From Mariska Hargitay’s flawless portrayal as the strong female lead that we all want and need from television to Ice T’s hardboiled act that is tempered by his caring nature for his partner, Amanda (Kelli Giddish). Even with Elliot (Chris Meloni) leaving his longtime role for a short stint on True Blood, SVU has never faltered.

Sure, they rip ideas from the headlines. A lot. And yeah, maybe there are a few too many plot lines that cross into the lives of the cops themselves that inevitably create unneeded melodrama. But if you thought that Law and Order: SVU was just another cop show like I once did, then you would be dead wrong. (I know, I know. I’m no better than Horatio at this point.)

Because it’s not. The entire process is shown, from arrest to courtroom, a side rarely developed in this genre. Usually, the cop in question just stares off into the distance once the baddie is thrown into the back of a squad car in other shows. But not SVU. We see justice at work, or more often, not at work, noting the fallacies in the system. We see cops interacting with criminals at every point, showing the gray areas of the case instead of just the clinching evidence at the end.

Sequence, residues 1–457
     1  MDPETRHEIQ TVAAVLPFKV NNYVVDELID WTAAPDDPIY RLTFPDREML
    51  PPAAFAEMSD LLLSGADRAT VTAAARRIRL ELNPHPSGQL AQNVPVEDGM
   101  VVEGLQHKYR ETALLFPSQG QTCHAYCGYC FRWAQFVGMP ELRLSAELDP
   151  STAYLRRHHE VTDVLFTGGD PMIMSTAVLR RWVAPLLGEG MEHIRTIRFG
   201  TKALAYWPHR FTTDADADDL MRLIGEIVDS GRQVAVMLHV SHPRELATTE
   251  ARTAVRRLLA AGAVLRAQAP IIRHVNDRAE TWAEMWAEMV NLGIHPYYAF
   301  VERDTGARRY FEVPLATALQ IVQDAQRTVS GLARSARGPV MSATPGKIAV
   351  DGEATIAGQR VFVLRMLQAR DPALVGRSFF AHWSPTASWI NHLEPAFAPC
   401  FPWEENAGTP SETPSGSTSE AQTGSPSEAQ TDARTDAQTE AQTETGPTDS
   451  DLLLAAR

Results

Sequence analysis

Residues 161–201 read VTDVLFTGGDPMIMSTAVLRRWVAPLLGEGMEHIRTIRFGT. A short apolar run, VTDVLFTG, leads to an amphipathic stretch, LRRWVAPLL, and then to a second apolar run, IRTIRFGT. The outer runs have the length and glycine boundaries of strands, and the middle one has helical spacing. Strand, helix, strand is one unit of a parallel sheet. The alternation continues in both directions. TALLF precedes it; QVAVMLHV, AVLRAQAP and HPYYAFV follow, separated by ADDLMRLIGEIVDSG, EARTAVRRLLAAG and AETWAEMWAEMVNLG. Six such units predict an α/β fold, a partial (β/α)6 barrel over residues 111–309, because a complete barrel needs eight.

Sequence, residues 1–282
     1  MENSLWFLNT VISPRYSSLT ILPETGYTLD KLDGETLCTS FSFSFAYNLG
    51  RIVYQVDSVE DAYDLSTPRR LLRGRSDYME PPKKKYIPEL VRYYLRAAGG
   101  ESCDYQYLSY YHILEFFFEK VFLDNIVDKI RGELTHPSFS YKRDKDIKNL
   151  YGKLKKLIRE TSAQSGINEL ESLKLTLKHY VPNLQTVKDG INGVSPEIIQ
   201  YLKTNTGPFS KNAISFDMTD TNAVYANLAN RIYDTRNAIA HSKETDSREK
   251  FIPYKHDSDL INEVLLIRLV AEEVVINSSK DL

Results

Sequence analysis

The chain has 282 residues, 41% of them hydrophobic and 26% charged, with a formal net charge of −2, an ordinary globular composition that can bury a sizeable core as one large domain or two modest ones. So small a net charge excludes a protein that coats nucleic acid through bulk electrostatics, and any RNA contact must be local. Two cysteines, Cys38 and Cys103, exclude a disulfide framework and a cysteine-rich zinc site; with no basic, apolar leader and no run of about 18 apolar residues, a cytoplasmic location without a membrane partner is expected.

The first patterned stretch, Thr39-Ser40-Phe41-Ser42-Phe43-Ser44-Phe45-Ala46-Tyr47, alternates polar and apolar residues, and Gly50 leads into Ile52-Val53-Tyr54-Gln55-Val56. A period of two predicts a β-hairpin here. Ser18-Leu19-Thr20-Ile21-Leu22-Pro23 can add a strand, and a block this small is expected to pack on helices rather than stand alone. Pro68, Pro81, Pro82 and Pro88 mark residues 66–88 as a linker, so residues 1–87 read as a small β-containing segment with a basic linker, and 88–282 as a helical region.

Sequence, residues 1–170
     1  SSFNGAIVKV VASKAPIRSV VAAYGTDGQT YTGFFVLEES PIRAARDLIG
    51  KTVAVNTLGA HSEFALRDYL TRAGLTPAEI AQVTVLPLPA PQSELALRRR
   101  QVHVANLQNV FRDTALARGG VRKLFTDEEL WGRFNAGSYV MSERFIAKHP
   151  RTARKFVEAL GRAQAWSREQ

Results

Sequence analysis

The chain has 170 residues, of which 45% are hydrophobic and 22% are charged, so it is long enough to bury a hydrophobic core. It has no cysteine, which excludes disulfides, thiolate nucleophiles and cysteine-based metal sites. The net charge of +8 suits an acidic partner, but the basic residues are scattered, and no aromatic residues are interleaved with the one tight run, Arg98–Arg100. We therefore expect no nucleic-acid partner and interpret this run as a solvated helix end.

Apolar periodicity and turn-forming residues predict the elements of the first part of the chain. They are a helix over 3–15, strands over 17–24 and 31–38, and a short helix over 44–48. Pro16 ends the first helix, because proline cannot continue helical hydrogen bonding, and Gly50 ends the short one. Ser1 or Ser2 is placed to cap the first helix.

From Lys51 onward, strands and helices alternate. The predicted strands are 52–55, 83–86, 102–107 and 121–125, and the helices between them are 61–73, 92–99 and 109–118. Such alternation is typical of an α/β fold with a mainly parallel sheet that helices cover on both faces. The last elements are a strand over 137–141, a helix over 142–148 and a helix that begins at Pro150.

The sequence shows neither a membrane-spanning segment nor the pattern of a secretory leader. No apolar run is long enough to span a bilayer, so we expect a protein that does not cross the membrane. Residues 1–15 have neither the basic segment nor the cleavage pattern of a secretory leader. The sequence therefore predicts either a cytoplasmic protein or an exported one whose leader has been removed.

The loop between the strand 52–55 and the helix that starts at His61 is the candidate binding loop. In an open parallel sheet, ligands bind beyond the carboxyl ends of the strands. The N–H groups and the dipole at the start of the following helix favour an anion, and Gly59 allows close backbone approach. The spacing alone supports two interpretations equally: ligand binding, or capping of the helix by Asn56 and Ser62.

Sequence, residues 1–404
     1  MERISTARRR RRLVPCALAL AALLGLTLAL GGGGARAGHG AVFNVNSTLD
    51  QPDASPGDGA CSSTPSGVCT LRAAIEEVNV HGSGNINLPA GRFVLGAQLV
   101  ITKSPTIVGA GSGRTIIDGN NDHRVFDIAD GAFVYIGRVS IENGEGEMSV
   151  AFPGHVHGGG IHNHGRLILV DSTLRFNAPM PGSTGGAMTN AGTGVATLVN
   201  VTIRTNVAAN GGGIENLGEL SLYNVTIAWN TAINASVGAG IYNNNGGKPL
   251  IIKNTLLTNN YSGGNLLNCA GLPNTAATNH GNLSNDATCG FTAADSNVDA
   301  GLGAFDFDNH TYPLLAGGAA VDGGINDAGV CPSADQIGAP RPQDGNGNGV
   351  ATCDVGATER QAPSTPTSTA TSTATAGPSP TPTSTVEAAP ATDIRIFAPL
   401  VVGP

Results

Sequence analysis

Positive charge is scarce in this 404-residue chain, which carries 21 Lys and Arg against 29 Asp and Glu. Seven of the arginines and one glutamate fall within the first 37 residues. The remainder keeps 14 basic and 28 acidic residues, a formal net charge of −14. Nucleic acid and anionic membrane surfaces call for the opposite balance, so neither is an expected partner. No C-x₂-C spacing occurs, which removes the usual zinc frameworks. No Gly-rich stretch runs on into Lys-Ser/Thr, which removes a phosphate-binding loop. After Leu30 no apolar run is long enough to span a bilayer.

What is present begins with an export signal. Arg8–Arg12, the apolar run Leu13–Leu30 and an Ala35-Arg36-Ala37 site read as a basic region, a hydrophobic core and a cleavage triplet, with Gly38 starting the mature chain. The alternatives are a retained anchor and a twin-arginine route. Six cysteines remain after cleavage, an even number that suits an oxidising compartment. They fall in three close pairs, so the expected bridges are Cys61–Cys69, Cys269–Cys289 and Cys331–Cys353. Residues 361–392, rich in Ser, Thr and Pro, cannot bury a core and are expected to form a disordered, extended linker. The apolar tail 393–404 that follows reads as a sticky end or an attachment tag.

But the best part of Law and Order: SVU is what I can’t quantify, what I can’t name. The chemistry of the characters in the precinct. That really iconic dun dun noise when there is a change of scene. The twists and truly insane turns that any episode can take. And, of course, the way that I am completely enamored with it all.

In the end, it’s amazing what good television can do. But really, it’s all about good storytelling. And if after all all of my testimony, you still think I’m crazy for not liking any other cop shows, well, I’m guilty as charged. (Seriously, that was the last one.)